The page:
The organization encourages schools to involve parents in cyberbullying education in order to empower them to intervene as soon as they can.
It’s important to note that students don’t have to be direct targets of cyberbullying to be hurt by it. “If your kid is on a group text and some other kid is being called a slur, a homophobic slur or a racist slur, your kid is still going to be affected by it,” says Devorah Heitner, author of “Screenwise: Helping Kids Thrive (and Survive) in Their Digital World.”
Children who see how others are treated badly online worry about how they are perceived because of those insults and slurs. For example, a group of bullies making fun of someone’s weight online can harm the body images of students who read those comments and internalize fatphobic beliefs.
Effective Bullying Prevention
There are several videos and activities online that talk about bullying. It’s important to make sure that these resources are effective and actionable. Asking middle school students to create anti-bullying bracelets might seem like a fun activity, but it won’t necessarily empower them to speak up or report problems.
“It turns out that when kids are equipped with strategies to respond to bullying, children feel more confident and in control of their situation, and children who know how to respond effectively are less likely to be targeted,” says Jeanne Sager, content marketing manager at TeachStarter.
Sager shares a poster that details what students can do when they experience bullying, ranging from walking away from the situation to using confident words to tell the bully to stop.
The messaging of your lesson plans shouldn’t just address the bullies and the victims. Every student is affected by bullying in some way, whether they are the ones getting harassed or have seen it happen.
“Research is clear that to reduce bullying, we must give children social skills to use in peer relationships,” write Brooke Paskewich and Tracy Evian Waasdorp for the Children’s Hospital of Philadelphia. “The focus cannot be exclusively on the victim or the child(ren) who engaged in the bullying behaviors—we must also equip children with strategies to use if they are a bystander of bullying.”
Bystanders play a key role in how comfortable a bully feels with their actions or how safe a victim feels when standing up for themselves or seeking help.
“Anti-bullying assemblies often focus on the bully or victim, but bystanders can play an immense role in putting a stop to bullying,” writes Sachika Saxena at I Can Help. “However, studies show that as the number of bystanders increases, there’s a decreasing chance that people will intervene in bullying situations. Students need to be taught how to intervene safely and respectfully — to become upstanders instead of bystanders.”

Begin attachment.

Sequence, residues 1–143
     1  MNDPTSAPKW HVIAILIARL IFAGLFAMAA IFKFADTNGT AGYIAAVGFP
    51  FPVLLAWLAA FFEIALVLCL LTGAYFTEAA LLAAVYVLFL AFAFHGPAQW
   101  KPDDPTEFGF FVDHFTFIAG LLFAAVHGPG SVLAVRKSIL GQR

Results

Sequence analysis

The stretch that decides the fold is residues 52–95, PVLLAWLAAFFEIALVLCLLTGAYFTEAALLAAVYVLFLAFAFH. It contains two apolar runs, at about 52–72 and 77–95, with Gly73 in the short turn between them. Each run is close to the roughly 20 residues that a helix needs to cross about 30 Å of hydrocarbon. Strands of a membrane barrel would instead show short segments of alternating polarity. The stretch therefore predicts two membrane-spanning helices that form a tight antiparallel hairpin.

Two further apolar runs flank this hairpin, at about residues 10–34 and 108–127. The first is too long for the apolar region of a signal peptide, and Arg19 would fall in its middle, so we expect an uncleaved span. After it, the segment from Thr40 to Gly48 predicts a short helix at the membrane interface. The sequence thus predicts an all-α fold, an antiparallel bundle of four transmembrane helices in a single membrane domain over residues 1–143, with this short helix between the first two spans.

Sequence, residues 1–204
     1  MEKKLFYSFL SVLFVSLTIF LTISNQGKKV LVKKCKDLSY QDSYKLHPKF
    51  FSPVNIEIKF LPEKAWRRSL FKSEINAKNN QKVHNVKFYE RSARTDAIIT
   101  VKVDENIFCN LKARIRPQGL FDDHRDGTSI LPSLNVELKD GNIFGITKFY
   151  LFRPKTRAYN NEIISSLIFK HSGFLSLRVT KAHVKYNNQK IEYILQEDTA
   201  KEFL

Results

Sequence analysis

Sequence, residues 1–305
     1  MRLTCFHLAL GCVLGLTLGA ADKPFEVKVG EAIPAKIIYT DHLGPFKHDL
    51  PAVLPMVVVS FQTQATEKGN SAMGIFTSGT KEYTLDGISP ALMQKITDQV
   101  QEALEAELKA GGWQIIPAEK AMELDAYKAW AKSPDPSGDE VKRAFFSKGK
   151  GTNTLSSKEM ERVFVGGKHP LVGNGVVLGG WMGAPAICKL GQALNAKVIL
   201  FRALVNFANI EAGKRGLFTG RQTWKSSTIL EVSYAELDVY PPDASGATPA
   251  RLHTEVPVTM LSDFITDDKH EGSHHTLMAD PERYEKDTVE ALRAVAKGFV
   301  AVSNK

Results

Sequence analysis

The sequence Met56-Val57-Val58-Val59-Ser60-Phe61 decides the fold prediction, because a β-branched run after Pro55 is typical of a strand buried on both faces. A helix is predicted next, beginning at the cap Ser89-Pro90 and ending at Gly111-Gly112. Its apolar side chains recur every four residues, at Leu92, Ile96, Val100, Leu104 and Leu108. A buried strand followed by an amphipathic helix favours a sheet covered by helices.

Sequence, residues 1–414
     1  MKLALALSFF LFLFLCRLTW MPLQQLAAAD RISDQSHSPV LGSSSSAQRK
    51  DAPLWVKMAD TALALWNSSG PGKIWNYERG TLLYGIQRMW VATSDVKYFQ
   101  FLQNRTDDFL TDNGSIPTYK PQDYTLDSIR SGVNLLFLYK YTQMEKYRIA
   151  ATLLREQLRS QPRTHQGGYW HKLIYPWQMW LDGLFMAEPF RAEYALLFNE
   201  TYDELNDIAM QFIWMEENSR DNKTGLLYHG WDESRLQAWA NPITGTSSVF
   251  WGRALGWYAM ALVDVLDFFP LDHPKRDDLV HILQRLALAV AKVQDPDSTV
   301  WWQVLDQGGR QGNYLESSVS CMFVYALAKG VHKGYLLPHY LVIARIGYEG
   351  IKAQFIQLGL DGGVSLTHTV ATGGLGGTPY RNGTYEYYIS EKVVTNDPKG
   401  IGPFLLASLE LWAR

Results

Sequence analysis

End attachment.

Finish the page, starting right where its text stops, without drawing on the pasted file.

With a larger group of bystanders, students can assume that someone else will speak up and stop the bullying. The problem is, other bystanders might be too intimidated by the crowd to make their voices heard.
Ineffective Bullying Prevention
As your school works to assess and implement anti-bullying and anti-cyberbullying programs, learn what doesn’t work and why these programs are ineffective. Dr. Melinda Bossenmeyer, founder and president of Peaceful Playgrounds, lists some policies that are problematic:
- Zero-tolerance policies. Nearly 20 percent of students engage in bullying practices and it’s impractical to kick that many students out of school.
- Group therapy. Rather than putting bullies with good role models, this option enmeshes students with other negative influences.
- Conflict resolution. Bringing all parties together for mediation can be highly stressful for the victim. There is no middle ground here or opportunities to compromise. No one should be bullied.
These methods are outdated and can potentially cause more harm than good — for both the bully and the victim. Even isolating the bully from the rest of the class can create further antisocial behaviors.
Next, evaluate why students in your school or classroom don’t report bullying. It is important to assume that bullying is happening in your school, whether you see it or not. Medical writer Katelyn Holt sets out reasons why students don’t report harassment:
- The student feels helpless.
- They don’t want to be seen as a tattletale.
- They worry about backlash.
- The student doesn’t believe adults will help them.
- They think they can handle it on their own.
- They worry adults might judge them.
- They don’t think anyone cares.
- They don’t want to be rejected by their peers.
While teachers can’t get to the root of all these issues, they can focus on the aspects of believing students, not judging them, caring about their needs, and taking action to address the issue. When students see that bullying is stopped in its tracks, they will be more likely to report it.
Finally, evaluate whether or not your current policies are effective. Underfunded or underenforced anti-bullying policies can do more harm than good because they can cause victims to lose faith in the resources that are supposed to help them.
“Although many schools have anti-bullying policies, these policies may vary in their scope, content, and implementation,” writes the team at Konsistent. “Moreover, some schools may not enforce their policies consistently or may not have consequences for bullying behavior.”
It’s unrealistic to believe that you can create a bully-free school where students support each other in person and online. Kids can be mean and teens want to test their boundaries. Instead, use this guide to create effective and actionable strategies for your students to employ when they encounter a bully. Make sure your school policies actually intervene to address bullying issues. These are your best options to create a safe learning environment.
Images used under license from Shutterstock.com.